How is COVID-19 affecting UK biobanking?

How is COVID-19 affecting UK biobanking?

During these exceptional times, research into diagnostics and treatments for COVID-19 is a global priority. To advance this research, there is demand from researchers to access human tissue samples from COVID-19 patients. Biobanks should be well placed to adapt and enable access to this tissue but with the implications of the coronavirus affecting many institutes that fund and house biobanks, resources in many areas are limited.

In mid-March, the UKCRC Tissue Directory and Coordination Centre (TDCC) contacted all 220 UK biobanks registered on the UKCRC Tissue Directory. These biobanks include a broad range of organisations such as disease-focused tissue banks, collections from clinical trials and large cohort studies. Many biobanks are based within universities, hospitals or charities. Biobanks were asked if they were open and whether they were able to collect or process tissue samples from COVID-19 patients.

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Are biobanks open?

Of the 220 biobanks contacted, 133 biobanks responded to the email, with 15 biobanks reporting to be open and functional. A number of functional biobanks are scoping ways to support COVID-19 research, through collection or processing of samples; within their organisation or externally. Other functional biobanks are adapting to continue their usual type of work.

A further 30 biobanks reported a limited capacity to remain open; many operating skeleton staff rotas or asking staff to work from home. Most of these biobanks were unable to collect or process COVID-19 samples. Many biobanks are not collecting any samples during this time, only accepting access requests to existing samples, including provision of serum samples for validating tests. Some biobanks cited not having appropriate lab facilities for infectious disease or trained staff being deployed to other clinical duties.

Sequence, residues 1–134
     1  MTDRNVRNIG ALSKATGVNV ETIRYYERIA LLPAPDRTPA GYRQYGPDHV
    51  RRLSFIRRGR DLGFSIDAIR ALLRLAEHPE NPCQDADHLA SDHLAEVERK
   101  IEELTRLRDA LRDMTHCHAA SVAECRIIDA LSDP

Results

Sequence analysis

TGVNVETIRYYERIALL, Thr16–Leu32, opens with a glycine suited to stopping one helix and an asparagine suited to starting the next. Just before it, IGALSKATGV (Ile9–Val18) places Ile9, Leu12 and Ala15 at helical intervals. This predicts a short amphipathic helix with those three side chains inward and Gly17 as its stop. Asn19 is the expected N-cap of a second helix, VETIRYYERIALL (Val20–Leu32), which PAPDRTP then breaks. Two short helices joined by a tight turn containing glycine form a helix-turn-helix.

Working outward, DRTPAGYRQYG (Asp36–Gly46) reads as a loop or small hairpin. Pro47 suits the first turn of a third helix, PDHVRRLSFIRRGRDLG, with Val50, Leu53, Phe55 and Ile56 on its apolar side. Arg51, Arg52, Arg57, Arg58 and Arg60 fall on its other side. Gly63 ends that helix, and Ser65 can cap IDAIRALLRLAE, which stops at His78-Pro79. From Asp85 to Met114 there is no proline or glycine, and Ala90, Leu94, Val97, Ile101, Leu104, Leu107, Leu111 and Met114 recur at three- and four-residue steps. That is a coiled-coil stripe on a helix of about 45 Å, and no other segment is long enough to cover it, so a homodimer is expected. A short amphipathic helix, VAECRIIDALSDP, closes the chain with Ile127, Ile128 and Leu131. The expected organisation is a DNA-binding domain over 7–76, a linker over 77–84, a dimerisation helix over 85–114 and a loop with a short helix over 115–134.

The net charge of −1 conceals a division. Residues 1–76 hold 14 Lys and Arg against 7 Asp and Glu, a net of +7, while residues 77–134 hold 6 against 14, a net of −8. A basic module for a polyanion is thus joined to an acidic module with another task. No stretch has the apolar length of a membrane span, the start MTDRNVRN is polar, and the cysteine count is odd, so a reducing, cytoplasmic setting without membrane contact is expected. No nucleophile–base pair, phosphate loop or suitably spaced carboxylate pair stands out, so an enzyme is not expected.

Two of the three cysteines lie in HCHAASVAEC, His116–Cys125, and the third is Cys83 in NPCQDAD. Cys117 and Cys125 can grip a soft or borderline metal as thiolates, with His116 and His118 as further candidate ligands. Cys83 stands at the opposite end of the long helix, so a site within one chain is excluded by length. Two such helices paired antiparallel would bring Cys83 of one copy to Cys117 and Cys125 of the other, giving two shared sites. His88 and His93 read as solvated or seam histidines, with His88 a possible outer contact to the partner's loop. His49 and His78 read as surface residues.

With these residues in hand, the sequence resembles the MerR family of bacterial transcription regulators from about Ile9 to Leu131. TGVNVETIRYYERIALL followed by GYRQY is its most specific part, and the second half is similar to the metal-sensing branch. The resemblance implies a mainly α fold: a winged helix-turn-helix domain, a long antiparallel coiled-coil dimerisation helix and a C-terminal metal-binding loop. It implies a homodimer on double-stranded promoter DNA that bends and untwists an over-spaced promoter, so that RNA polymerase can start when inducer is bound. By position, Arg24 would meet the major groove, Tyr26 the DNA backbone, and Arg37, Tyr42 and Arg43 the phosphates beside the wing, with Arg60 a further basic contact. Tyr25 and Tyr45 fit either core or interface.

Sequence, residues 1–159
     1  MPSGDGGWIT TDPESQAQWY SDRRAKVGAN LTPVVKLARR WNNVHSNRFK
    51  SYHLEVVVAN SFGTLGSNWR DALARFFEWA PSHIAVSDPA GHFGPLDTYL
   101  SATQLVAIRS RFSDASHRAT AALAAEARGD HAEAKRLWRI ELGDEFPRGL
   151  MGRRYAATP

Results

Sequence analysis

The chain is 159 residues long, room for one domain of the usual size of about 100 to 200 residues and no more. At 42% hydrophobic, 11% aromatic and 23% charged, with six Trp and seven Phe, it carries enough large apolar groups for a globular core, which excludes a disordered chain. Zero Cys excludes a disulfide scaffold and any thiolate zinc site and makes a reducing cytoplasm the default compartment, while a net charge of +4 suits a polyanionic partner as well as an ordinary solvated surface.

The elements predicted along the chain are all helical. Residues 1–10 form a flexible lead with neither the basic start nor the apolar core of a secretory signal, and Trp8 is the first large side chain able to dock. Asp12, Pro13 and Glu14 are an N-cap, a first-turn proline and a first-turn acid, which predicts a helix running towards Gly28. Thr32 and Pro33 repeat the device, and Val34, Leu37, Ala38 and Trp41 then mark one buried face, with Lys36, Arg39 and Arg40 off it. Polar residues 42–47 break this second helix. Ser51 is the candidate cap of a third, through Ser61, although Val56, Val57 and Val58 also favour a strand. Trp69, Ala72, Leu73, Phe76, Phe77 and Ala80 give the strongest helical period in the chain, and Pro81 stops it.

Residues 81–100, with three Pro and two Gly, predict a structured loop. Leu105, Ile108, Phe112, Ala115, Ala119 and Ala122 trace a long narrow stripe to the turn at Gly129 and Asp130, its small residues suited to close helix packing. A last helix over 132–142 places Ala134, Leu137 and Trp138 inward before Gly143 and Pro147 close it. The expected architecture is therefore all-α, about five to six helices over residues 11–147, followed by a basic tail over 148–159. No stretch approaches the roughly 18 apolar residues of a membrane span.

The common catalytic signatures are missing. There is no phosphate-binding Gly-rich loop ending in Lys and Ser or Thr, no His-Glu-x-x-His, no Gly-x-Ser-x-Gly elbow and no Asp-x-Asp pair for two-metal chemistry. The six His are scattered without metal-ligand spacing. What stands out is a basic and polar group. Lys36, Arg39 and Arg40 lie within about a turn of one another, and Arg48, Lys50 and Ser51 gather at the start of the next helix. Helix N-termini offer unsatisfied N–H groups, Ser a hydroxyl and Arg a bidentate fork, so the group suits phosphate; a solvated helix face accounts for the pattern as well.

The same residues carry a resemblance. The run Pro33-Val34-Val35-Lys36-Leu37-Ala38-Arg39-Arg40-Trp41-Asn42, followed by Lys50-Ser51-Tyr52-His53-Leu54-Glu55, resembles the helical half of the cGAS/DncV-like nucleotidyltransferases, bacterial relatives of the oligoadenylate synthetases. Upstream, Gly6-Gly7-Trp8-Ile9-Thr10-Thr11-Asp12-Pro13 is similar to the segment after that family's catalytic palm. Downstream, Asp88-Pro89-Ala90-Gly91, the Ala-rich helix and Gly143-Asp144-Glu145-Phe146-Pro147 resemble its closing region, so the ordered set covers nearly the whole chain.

What is forcing biobank closures?

Eighty seven biobanks have reported closure due to coronavirus. From the information reported by 53 biobanks, we can infer that most biobanks are closed due to decisions made by universities or NHS trusts. Many buildings or sites where labs are based have been closed, with non-essential research suspended. Many biobank staff have been asked to work from home where possible or have been redeployed to clinical work. In some cases, both lab facilities and staff have been allocated for COVID-19 focused research; enabling testing for diagnostics or supporting clinical trials. These are all invaluable contributions to the fight against COVID-19 but it has severely impacted the ability of biobanking infrastructure in the UK to collect and supply samples to researchers.

What can be done?

It is concerning how little resource is available to ensure samples can be utilised to support the full eco-system of research. There is a chronic need for samples to support the development of testing kits and assays. In order to maximise the available resource and samples it's imperative that the research and biobanking communities collaborate.